One of Canada's most prominent sports medicine specialists, Tony Galea, has been charged with illegally importing and selling drugs, according to the doctor's lawyer.
RCMP confirmed they raided the Toronto-area offices of Dr. Galea on Oct. 15 and a police investigation is continuing, according to Sergeant Marc LaPorte, the RCMP's media-relations liaison based in London, Ont. "So I can't really comment on the nature of the investigation at this point."
Dr. Galea said in an interview there has been "a misunderstanding" with police over his use of what he referred to as "homeopathic medications" that have not been approved by Health Canada. The medications, which he had brought into the country from Germany by an assistant, were the reason for the RCMP visit, Dr. Galea said.
While he said the medicines have not been approved by Health Canada, he added that according to the College of Physicians and Surgeons, he is allowed to use them on patients, provided the patients have been properly informed.
Dr. Galea's lawyer, Christophe Preobrazenski, said in an interview the doctor faces charges for smuggling and selling the medications. "This isn't Ben Johnson. These aren't steroids," the lawyer said.
Mr. Preobrazenski said Dr. Galea's first court appearance is in December, making for a long wait before his client can clear his name.
"He has the pulse of the international community and the international sports community has his pulse," the lawyer said. "We're not talking about the charlatans with cancer cures and everything else, or the other ones, the superagents, propping up their athletes with superenhancement drugs. This is not it at all. This is really going into healing injuries."
Dr. Galea's client list includes some of Canada's most prominent athletes, such as Olympic gold medalists Donovan Bailey and Mark McKoy.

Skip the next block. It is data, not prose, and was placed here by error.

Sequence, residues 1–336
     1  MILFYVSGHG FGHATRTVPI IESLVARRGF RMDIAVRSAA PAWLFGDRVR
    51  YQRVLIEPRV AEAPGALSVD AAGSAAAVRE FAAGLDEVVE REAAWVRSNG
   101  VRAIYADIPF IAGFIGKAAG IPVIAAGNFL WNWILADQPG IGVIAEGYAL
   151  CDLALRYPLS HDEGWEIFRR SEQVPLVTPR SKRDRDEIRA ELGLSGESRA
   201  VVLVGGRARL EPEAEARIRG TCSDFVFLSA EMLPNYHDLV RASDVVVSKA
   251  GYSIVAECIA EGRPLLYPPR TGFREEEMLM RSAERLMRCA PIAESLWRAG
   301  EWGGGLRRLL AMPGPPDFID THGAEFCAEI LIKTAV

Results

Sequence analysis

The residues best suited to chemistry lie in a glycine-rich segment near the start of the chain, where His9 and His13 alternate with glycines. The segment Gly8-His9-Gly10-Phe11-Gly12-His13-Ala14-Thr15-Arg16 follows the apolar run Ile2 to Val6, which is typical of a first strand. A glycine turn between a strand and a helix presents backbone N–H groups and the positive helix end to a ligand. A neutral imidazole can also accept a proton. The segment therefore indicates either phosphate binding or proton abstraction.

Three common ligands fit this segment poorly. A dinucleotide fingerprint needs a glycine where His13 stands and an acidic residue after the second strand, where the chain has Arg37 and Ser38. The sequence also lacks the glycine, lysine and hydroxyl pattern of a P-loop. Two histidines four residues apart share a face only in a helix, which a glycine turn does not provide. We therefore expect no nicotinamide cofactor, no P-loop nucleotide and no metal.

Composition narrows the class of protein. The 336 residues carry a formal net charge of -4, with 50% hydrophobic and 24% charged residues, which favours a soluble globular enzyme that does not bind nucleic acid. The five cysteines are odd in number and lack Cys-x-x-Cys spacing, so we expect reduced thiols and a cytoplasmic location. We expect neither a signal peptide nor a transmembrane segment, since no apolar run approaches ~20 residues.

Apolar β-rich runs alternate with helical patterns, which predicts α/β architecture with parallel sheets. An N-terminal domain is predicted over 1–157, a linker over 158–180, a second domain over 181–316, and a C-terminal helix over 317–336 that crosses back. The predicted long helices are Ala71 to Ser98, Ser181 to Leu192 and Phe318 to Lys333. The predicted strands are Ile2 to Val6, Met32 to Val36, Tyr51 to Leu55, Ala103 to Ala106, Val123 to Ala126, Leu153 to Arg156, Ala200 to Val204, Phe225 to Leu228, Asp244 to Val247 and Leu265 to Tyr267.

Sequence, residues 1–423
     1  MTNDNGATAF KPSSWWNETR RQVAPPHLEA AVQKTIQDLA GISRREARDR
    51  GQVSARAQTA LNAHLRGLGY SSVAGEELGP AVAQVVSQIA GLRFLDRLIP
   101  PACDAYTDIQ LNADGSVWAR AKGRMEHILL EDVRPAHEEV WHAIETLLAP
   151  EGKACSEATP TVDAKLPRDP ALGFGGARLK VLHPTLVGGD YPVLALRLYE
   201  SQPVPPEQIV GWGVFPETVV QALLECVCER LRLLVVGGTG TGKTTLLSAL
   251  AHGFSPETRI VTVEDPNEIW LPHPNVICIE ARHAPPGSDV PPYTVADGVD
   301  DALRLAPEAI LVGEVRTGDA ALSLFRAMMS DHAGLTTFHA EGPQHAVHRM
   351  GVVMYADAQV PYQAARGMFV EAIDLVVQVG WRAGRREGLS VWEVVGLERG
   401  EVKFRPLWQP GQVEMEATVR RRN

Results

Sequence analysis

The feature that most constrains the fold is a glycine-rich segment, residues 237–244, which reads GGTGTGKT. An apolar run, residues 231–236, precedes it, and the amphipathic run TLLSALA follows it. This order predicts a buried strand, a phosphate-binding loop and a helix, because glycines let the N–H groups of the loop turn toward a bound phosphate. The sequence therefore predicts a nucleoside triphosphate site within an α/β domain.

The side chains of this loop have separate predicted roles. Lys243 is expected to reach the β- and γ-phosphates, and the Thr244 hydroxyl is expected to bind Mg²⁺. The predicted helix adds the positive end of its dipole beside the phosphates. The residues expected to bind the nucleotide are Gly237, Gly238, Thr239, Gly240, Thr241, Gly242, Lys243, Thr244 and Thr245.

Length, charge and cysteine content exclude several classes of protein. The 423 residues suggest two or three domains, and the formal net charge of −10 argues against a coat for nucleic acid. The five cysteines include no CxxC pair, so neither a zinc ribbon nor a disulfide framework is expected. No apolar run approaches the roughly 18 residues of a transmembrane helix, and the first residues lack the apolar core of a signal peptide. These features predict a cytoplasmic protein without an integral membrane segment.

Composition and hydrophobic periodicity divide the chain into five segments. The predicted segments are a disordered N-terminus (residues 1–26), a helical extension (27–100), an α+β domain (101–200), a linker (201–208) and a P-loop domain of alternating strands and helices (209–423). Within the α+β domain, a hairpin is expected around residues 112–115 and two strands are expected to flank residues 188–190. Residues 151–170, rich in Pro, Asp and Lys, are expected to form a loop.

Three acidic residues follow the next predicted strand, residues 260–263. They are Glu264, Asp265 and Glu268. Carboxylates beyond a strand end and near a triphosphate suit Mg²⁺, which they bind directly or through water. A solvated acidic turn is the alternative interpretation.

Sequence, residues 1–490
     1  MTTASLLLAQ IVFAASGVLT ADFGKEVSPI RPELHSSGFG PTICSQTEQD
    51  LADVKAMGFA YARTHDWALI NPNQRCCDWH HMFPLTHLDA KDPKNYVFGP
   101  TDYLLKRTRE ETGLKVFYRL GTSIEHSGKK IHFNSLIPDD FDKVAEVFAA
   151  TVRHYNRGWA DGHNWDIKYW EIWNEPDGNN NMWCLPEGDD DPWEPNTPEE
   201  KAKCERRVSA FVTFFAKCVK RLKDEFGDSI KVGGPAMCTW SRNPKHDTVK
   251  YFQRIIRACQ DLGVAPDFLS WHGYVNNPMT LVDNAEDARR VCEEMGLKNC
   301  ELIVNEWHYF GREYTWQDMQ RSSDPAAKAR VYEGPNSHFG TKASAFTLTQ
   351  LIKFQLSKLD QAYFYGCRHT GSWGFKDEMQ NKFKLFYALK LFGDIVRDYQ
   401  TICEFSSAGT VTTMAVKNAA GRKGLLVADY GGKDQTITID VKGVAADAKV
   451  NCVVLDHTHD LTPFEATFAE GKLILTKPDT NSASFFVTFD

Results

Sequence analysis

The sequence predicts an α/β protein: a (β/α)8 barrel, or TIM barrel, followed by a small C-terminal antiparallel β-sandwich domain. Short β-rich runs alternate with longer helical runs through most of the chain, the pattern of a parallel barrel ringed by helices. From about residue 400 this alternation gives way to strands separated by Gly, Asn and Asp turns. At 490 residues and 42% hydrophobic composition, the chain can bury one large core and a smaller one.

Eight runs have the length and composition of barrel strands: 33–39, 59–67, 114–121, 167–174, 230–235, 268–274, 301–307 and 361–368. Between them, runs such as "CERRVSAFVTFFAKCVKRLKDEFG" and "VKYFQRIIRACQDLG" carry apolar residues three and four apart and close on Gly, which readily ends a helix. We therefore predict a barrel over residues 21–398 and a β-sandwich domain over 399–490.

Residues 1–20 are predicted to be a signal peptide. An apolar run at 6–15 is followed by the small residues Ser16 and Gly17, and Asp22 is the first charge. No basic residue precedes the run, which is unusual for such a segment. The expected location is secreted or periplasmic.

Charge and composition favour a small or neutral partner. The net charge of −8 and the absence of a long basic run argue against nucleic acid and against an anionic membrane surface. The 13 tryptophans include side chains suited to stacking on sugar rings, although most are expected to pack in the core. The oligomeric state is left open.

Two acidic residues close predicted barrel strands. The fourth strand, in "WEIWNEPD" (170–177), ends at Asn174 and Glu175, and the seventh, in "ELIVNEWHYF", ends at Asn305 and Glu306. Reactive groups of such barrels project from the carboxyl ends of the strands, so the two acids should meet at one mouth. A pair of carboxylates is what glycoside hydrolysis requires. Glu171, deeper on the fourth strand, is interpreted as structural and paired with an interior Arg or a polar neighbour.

Earlier this month, figure skater Patrick Chan, a world silver-medal winner and one of Canada's top hopes for an Olympic gold at Vancouver in 2010, went to Dr. Galea for treatment of a tear in his left calf muscle. It was the day before the office was raided. There is no evidence to connect the raid with any of the client treatments.
Dr. Galea said police confiscated the homeopathic medicines and took him to a local police detachment, where he was processed and released the same day. Sgt. LaPorte said he has been told the search warrant "has been sealed" and could not confirm whether police seized anything from the doctor's office.
Mr. Chan, a two-time Canadian champion, Four Continents champion and 2009 world silver medalist, underwent a procedure known as PRP under Dr. Galea's care.
In layman's terms, platelet-rich plasma therapy involves spinning a patient's own blood in a centrifuge, and red platelets - about four times the normal concentration - are injected back into the patient's muscle. It is believed this method speeds healing.
The treatment is only permitted under international anti-doping rules with the appropriate paperwork, known as a Therapeutic Use Exemption.
"There's a group of homeopathic medications we use for muscle tears and they're not available in Canada," Dr. Galea said. "So I had one of my assistants get them from Germany. And we use it on the treatment of muscle tears. It wasn't Health Canada-approved, but under the College of Physicians and Surgeons, I can use substances that are not approved by Health Canada. But the patients have to be informed. So that's what kind of was the misunderstanding with the RCMP."
The doctor said none of these medications was used on Mr. Chan, however.
"What we did on Patrick was purely platelets - platelets and plasma," Dr. Galea said. "But the problem is, when you're doing platelets and plasma, everybody hears growth factors and they always assume that you're using, like, banned growth hormone. They kind of blur the borderline between the two. And that's why WADA [the World Anti-Doping Agency]has certain restrictions on what you're using."
Mr. Chan withdrew from this month's Cup of Russia in Moscow, but says he expects to come back for the Skate Canada International Grand Prix event Nov. 19-22.
Dr. Galea's lawyer, Mr. Preobrazenski, said the doctor "does great work and there's a lot about nothing, that this thing's going to disappear. It's going to be what I call Pulp Fiction at the end of the day...
"He's not a pharmacy. He doesn't go out there and sell. That in itself is a legal argument, that he wasn't selling."